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  Mechanic #154 - Chameleon
Posted: 10/04/12

You play as a chameleon, able to take on the colors and shapes of objects behind you.




Fig 154.1 - Shape and Color Locks


This is a simple puzzle game where you play as a stick figure (seen above) that can imprint colors on his body like a chameleon. There are locked doors on the playing field which can only be opened by fitting into a stick figure-like hole in the background to complete the pattern. In this example, the stick figure absorbs the green color. If he were to stand in the hole to the right, completing the green pattern in the background, the door would open and he can continue.



Fig 154.2 - Color Blending.


Where it gets a little bit tricky is that the chameleon can only change color in specific zones. In addition to that, the color change is not instant. The color will gradually change, and this process can be stopped halfway. For instance, if you were colored red and stood against a blue zone, your color would move from red to blue through the purple spectrum. If you stopped halfway, you could turn purple, allowing you to open a purple lock.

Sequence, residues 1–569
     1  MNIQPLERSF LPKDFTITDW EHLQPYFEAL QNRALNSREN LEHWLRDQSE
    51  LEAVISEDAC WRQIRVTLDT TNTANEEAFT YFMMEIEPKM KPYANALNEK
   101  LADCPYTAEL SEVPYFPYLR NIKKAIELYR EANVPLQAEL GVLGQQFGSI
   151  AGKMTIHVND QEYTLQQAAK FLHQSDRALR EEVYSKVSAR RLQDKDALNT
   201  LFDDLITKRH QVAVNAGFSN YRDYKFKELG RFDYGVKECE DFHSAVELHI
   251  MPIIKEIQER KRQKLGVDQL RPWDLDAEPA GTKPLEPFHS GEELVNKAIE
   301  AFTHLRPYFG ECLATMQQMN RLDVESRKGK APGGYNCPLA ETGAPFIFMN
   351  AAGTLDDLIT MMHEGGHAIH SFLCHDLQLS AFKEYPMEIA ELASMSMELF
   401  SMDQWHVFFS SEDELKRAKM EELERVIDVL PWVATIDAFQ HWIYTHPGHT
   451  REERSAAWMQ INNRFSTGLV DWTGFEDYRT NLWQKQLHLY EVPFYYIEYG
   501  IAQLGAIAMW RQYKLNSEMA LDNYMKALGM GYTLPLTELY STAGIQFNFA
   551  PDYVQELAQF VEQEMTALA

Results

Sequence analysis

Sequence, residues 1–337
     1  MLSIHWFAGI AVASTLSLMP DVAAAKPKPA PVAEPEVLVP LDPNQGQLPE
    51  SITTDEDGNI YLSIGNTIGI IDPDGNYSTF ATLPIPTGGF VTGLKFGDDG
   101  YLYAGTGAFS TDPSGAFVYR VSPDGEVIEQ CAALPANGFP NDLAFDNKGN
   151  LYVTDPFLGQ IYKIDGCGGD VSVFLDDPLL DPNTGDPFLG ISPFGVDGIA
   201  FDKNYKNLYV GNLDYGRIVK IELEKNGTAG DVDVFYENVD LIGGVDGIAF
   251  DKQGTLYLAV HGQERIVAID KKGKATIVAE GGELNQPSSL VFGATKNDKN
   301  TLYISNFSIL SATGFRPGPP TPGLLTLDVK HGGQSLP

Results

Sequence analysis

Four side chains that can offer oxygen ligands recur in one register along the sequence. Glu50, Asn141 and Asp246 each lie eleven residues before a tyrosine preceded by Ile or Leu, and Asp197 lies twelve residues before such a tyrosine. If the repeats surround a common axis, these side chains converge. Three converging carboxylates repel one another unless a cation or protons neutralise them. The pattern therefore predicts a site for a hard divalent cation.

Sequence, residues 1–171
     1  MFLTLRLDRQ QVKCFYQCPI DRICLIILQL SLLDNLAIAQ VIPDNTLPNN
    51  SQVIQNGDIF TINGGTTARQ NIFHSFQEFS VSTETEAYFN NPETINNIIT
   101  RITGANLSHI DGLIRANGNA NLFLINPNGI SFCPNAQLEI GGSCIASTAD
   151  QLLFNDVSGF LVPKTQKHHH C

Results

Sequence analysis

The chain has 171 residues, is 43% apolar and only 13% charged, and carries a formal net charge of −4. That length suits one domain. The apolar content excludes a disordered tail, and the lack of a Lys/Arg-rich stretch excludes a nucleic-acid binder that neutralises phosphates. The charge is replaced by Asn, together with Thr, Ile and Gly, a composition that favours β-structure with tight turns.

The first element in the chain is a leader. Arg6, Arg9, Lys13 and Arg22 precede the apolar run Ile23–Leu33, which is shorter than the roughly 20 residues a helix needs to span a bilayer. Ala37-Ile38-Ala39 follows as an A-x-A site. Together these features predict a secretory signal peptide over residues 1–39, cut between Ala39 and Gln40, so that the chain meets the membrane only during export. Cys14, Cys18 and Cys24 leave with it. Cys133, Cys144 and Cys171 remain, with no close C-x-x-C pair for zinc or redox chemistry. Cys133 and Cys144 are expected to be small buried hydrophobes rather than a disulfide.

Fig 154.3 - Pattern Creation.


Not only can you accept colors, but you can accept partial colors as well. By standing halfway in the color zone before absorbing the background color, you will only "paint" half of your character that color. By sticking only part of one's body in - or even by striking unusual poses like bending over and sticking your butt in - you can match more complicated patterns.



Fig 154.4 - Push Blocks to Block.


Finally, the chameleon only adopts the colors from specified zones. You can push blocks in the way and stand in front of them, allowing only the colors through that are not blocked. This opens up the possibility of manipulating blocks in the right way to create specific shapes. For instance, maybe you have to tilt two blocks together to create a triangle. Or you might have to create a tower to place a long block across the zone so that you color everything but your head.

If you combine posing, color blending, pattern creation, and pushing blocks, I think there are enough possibilities to create a decent puzzle game.



Copyright 2007-2014 Sean Howard. All rights reserved.